In 1998, Lisa Bennett, then a fellow at Harvard University’s Center on Press, Politics, and Public Policy in the John F. Kennedy School of Government, wrote a research paper on perceived prejudice in the press toward homosexuality. She noted that immediately following World War II, “all the major religions condemned it as a sin against God and nature. Psychiatrists treated it as a serious mental disorder. Almost every state in the nation had a law against it, with many calling for a prison term for convicted homosexuals” (Bennett 2). She credited Alfred Kinsey’s reports for revealing how much of what the Bible calls sexual immorality was being clandestinely practiced by Americans (though it has been widely noted that Kinsey skewed and manipulated his results to match his own, private agenda; opponents include the American Legislative Exchange Council, Margaret Mead, Karl Menninger, Eric Fromm, and a who’s who of Kinsey’s contemporaries in science and psychology).
Even in the last 30 years, attitudes toward homosexuality have changed dramatically. Gallup indicates that in 1977, Americans were evenly divided over whether or not homosexuality should even be legal (43% for and against). In 1983, only 34% thought homosexuality should be considered an acceptable alternative lifestyle. In 1996, only 27% favored homosexual marriage (www.gallup.com/poll/108115/Americans-Evenly-Divided-Morality-Homosexuality.aspx). These and similar findings are radically different in 2012.
Whatever the exact numbers are now, it is safe to say that many, many more Americans accept, if not embrace, homosexuality in our society than in the years immediately following World War II. This cannot all be laid at the feet of one man, but at a few elite institutions. One is higher education, where professors in academic isolation surrounded only by like-minded peers can pursue carnal theory and philosophy with seeming earthly impunity (i.e., free from consequences). Incidentally, many of these professors have taken their places in seminaries and other religious graduate schools, softening and changing the positions of religious teachers and preachers across the religious spectrum. Another is the media, whose message has long been an influencer and molder of thought rather than a reflection of it. Its story-lines, role models, and biases continue to push the moral envelope. Yet another is politics, where legislators, judges, and others pander to activists and special interest groups who pressure with money and power.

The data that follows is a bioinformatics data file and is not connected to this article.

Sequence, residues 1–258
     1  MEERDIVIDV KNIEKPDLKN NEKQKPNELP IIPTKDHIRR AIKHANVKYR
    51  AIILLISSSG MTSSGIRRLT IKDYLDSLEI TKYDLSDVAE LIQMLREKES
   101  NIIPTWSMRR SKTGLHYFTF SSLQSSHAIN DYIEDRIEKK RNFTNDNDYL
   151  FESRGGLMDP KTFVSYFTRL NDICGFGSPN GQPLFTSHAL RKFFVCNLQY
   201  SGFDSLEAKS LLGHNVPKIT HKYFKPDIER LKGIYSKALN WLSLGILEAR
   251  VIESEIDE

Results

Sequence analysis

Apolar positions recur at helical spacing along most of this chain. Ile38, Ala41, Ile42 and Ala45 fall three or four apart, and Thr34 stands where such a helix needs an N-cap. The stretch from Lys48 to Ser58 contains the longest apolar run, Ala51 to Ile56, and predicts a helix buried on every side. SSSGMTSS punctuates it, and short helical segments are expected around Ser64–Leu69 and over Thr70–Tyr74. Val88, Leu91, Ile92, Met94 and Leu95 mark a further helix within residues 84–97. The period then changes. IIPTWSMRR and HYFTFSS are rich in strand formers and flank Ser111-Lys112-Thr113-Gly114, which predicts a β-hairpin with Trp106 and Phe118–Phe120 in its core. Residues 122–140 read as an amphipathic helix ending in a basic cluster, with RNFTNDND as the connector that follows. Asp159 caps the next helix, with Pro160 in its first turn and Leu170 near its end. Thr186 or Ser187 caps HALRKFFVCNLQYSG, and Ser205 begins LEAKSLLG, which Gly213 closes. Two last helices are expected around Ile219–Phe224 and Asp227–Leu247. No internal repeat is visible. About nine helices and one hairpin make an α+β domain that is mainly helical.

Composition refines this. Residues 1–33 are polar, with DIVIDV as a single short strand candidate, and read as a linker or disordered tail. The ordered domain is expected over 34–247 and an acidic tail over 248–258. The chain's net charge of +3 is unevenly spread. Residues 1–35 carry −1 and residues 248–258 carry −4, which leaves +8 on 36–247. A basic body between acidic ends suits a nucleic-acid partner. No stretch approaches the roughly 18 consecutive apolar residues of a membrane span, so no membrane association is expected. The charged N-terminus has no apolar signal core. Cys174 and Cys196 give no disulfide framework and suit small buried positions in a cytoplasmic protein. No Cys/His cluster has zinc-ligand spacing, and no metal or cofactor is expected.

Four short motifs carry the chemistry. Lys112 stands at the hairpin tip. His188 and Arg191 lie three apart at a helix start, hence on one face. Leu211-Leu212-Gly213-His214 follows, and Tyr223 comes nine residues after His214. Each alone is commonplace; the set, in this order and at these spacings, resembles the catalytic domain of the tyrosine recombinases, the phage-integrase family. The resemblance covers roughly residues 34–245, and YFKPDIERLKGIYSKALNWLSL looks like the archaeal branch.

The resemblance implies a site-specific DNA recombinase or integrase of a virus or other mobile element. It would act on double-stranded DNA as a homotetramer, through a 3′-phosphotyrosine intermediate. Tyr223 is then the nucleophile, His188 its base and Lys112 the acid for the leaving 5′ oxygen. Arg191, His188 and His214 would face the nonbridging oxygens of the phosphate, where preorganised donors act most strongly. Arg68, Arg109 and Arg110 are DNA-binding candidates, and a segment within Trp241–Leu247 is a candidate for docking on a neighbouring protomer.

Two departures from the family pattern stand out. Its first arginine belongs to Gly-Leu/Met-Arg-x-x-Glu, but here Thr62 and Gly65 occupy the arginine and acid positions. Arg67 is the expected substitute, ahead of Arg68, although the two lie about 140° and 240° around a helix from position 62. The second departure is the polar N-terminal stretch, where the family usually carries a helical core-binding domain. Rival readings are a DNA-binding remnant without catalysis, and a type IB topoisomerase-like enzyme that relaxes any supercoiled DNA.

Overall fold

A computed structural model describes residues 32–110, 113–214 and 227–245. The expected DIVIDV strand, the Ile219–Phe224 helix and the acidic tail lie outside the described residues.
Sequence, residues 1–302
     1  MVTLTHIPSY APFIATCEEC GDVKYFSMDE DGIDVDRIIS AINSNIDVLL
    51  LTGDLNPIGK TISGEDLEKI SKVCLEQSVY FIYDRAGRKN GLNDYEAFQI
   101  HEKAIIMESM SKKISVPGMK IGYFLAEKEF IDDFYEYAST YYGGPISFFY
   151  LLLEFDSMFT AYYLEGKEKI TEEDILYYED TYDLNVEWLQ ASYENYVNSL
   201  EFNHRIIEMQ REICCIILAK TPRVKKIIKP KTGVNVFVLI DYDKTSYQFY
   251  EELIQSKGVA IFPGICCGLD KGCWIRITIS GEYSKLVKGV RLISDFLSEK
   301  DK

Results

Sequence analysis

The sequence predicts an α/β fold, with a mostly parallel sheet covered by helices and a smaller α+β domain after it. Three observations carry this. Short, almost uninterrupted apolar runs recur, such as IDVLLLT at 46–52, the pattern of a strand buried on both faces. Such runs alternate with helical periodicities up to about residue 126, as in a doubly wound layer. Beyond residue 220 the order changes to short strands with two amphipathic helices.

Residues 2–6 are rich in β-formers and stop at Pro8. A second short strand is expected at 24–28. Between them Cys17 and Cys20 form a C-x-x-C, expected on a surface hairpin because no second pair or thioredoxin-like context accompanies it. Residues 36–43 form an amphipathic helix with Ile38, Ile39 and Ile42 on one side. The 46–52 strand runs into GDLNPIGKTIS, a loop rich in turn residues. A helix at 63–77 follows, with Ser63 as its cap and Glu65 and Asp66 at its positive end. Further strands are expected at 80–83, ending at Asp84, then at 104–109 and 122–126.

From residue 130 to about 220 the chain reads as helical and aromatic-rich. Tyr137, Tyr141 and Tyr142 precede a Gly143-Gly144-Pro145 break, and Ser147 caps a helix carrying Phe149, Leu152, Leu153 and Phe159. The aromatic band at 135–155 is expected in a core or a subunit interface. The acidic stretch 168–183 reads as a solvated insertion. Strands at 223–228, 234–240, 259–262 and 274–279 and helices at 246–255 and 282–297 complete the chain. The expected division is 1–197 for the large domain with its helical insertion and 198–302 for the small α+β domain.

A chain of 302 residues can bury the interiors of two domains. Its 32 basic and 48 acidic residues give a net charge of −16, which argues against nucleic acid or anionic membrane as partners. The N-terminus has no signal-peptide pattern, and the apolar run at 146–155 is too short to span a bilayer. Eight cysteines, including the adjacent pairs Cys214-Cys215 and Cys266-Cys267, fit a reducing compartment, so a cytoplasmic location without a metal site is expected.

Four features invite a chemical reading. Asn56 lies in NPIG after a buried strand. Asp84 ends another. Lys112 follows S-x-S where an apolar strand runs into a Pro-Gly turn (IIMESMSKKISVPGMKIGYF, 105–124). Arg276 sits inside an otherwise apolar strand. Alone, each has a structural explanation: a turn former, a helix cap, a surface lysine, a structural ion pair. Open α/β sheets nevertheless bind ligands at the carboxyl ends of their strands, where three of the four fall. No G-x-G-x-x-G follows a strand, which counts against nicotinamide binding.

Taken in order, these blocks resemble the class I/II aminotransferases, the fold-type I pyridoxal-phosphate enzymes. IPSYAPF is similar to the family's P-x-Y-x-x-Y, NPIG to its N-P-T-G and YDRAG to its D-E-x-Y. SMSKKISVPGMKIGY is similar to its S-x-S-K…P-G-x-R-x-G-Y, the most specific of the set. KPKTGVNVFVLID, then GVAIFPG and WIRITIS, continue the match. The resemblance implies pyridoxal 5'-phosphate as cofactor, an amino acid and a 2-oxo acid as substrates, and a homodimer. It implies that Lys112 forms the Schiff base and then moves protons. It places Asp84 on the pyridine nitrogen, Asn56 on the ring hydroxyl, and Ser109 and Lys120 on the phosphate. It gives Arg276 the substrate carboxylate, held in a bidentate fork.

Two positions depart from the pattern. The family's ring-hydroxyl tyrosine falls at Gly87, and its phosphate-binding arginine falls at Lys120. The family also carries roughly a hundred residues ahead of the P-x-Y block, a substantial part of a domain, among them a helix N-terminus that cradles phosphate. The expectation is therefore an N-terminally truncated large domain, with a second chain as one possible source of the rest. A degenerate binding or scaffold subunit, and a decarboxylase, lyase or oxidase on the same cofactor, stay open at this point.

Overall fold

All of this is presented, not to argue for changing our positions on homosexuality or any other moral issue, but to help us take a look at the moral slide so many are riding. No matter what percentage of Americans, academicians, politicians, or media types, call homosexuality or other sin natural, normal, and acceptable, God’s Word stands firm. It will not change, for it is the expressed will of God. In short, though God loves every sinner, homosexuality is, and forever will be, a sin (Rom. 1:24-27; 1 Cor. 6:9; 1 Tim. 1:10).